"I didn't tell Kadin's story," Billy said. "I didn't want people to think 'this guy got a DUI because his son died.' No, I got a DUI because I made a stupid mistake."

It may have taken a while for him to get back on the right track, but he took ownership of his mistakes and now takes pride in helping others whenever he can. After the rollercoaster of experiences life threw at him, he encourages Airmen to seek help if there is ever a situation that calls for it.

"If you ever think you've hit rock bottom ... know that you can do it, seek help," he said. "It was that moment when I started talking to people when my life and my career started changing for the better."

As long as people are willing to seek it, there will always be guidance and support during times when life gets tough and seem dark, he said.

Air Force releases new Sexual Assault Prevention and Response Strategy

Secretary of the Air Force Public Affairs / Published October 27, 2015

WASHINGTON (AFNS) -- Air Force leaders released a five-year Sexual Assault Prevention and Response Strategy that will guide the Air Force in developing a robust prevention model while continually honing response capabilities today.

The secretary, chief of staff and chief master sergeant of the Air Force signed a foreword to the strategy charging all Airmen with the responsibility of preventing sexual assault.

“Sexual assault prevention is critical to the health, morale and welfare of Airmen and ultimately essential to Air Force readiness,” said Secretary of the Air Force Deborah Lee James. “This strategy lays out the deliberate, science-based process we will follow to eradicate this crime from our ranks.”

The two-part document outlines both response and prevention strategies. Although Airmen will likely be familiar with the programs included in the response portion of the strategy, the prevention strategy presents a new phase in Air Force SAPR efforts, said Dr. Andra Tharp, an Air Force sexual assault prevention and response highly qualified prevention expert.

“Using a public health approach to prevention, the strategy will use proven prevention programs, policies and best practices to reduce risk factors and enhance protective factors,” Tharp said. “Fostering skills such as being an active and engaged bystander, managing emotions and resisting peer pressure are proven approaches to preventing violence.”

The Sexual Assault Prevention Strategy lays out the sexual assault prevention tenets: preventing violence before it occurs; promoting prevention at every level; and providing ongoing prevention activities that reflect the unique roles and development of each Airman.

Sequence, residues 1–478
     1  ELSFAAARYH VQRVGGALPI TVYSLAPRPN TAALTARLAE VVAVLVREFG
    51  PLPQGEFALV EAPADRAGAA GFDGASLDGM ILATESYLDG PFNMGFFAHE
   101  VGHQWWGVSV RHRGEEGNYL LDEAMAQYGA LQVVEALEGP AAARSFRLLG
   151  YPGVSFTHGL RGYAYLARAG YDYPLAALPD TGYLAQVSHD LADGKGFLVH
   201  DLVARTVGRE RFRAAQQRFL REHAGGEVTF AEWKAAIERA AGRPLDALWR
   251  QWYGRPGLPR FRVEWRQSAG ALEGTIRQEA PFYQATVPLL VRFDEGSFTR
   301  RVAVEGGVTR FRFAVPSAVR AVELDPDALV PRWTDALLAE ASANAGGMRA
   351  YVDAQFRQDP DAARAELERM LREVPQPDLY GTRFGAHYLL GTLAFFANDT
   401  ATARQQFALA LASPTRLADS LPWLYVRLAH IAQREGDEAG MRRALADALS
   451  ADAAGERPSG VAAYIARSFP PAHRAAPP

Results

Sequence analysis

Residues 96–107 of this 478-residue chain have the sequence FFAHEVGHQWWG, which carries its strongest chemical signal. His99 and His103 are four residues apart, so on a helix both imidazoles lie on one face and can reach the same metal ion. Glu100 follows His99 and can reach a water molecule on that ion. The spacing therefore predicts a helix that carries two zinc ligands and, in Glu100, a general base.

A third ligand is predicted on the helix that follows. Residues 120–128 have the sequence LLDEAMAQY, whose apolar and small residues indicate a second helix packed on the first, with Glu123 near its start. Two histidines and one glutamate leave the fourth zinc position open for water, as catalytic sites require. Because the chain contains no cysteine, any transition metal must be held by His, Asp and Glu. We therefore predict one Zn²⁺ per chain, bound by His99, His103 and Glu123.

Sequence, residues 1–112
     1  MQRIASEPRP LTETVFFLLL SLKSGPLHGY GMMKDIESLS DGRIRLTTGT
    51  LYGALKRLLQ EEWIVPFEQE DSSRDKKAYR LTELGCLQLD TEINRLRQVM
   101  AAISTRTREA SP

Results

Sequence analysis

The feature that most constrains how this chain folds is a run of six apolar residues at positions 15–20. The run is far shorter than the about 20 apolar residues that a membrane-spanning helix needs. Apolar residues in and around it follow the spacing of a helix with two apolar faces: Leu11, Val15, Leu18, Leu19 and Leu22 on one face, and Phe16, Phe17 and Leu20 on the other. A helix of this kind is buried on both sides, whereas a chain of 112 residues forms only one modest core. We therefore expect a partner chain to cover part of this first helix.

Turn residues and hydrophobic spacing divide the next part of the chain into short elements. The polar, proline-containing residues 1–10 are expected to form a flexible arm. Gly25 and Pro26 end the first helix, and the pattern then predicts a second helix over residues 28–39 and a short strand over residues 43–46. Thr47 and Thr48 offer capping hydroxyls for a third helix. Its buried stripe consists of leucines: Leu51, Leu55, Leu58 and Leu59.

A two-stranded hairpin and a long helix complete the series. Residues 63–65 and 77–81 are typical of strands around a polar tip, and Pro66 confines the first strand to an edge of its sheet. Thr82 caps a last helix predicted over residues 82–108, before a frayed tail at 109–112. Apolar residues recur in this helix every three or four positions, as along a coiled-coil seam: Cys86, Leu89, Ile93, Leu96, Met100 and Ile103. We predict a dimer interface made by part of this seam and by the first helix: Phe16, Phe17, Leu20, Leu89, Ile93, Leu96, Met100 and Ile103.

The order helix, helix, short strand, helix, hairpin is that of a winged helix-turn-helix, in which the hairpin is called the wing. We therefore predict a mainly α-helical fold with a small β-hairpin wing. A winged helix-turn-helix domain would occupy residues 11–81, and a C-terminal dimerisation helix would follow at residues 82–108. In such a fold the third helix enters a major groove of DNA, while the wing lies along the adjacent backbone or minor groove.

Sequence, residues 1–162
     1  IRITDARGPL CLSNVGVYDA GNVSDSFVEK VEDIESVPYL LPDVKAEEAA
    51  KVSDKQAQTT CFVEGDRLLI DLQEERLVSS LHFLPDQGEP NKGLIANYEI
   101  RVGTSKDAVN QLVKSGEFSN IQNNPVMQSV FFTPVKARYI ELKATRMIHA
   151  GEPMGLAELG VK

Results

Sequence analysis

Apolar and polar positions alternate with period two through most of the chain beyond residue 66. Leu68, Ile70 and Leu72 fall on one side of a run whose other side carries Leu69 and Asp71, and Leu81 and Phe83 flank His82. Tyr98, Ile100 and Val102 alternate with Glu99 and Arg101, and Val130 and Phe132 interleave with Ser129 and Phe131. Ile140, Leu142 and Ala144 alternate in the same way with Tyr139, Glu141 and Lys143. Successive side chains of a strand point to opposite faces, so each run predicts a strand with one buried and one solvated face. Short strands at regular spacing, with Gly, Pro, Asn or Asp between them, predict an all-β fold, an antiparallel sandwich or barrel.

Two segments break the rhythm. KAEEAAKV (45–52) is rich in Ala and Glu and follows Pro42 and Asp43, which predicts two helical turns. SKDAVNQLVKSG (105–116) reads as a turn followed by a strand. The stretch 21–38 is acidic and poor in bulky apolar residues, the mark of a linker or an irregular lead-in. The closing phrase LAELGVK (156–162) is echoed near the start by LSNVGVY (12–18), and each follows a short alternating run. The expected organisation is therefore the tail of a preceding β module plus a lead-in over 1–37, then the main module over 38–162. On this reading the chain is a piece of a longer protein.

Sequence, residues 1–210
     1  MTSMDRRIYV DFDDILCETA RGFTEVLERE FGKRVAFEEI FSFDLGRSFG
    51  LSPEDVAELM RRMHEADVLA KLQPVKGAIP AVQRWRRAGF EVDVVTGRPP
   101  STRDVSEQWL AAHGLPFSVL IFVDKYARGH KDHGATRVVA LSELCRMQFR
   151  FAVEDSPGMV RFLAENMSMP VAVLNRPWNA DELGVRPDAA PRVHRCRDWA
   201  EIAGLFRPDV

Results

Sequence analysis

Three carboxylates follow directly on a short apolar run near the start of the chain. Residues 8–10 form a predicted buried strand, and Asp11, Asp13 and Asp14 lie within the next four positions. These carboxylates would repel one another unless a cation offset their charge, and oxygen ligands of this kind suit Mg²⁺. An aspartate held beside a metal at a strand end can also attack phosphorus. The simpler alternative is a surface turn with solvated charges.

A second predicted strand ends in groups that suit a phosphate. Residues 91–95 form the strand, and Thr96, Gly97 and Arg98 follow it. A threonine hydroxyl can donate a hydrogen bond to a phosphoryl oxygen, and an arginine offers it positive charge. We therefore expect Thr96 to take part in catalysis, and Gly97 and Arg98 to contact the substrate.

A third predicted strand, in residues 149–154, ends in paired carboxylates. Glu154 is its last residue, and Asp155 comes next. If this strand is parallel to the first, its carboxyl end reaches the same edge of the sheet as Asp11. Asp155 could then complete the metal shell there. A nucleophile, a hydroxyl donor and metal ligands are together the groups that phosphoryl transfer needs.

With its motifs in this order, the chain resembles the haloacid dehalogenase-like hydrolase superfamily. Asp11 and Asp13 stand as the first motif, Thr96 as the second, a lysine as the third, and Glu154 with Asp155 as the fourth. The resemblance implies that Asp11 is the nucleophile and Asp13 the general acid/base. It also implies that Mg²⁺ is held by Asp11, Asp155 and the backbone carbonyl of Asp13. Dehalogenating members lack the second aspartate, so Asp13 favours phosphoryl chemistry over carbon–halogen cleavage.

In line with the Defense Department strategy published in April 2014, the Air Force strategy promotes a comprehensive prevention approach that ensures prevention messages and skills are consistent and reinforced across the different environments in which an Airman may live and work.

“Our Air Force family comes from all walks of life, but we all work together to protect our nation,” said Air Force Chief of Staff Gen. Mark A. Welsh III. “Our core values are what bind each of us together, and it’s on us to take the time to really know our people. We’re all part of the solution or there is no solution.”

According to the strategy, a key long-term objective of SAPR programs is to provide every Airman with standardized, developmental education and training throughout their career, strengthening the Air Force culture of dignity and respect and sustaining an environment inhospitable to sexual assault perpetrators. Effective enhanced developmental education and training will be tailored to address specific populations and behaviors of individuals, groups, and cultures.

“We’re moving away from a one-size-fits-all approach to prevention and thinking hard about who needs what and when,” Tharp said. “We know that risk factors change as people age and that an Airman’s role in prevention might change as he or she takes on different leadership roles; so, we are moving towards a more nuanced approach to prevention that focuses on delivering relevant skills and messages to the right people at the right time.”

The strategy document explains factors that put an individual at risk for perpetration such as previous unhealthy experiences, beliefs or relationships, and outlines a plan to tailor training to address risk factors in every setting.

“We listened to Airmen’s concerns and we’re excited about the new model that will be introduced to the force,” said Chief Master Sgt. of the Air Force James A. Cody. “It’s on us to ensure our Airmen are trained appropriately to shape our culture in a manner that does not allow sexual assault or harassment to occur.”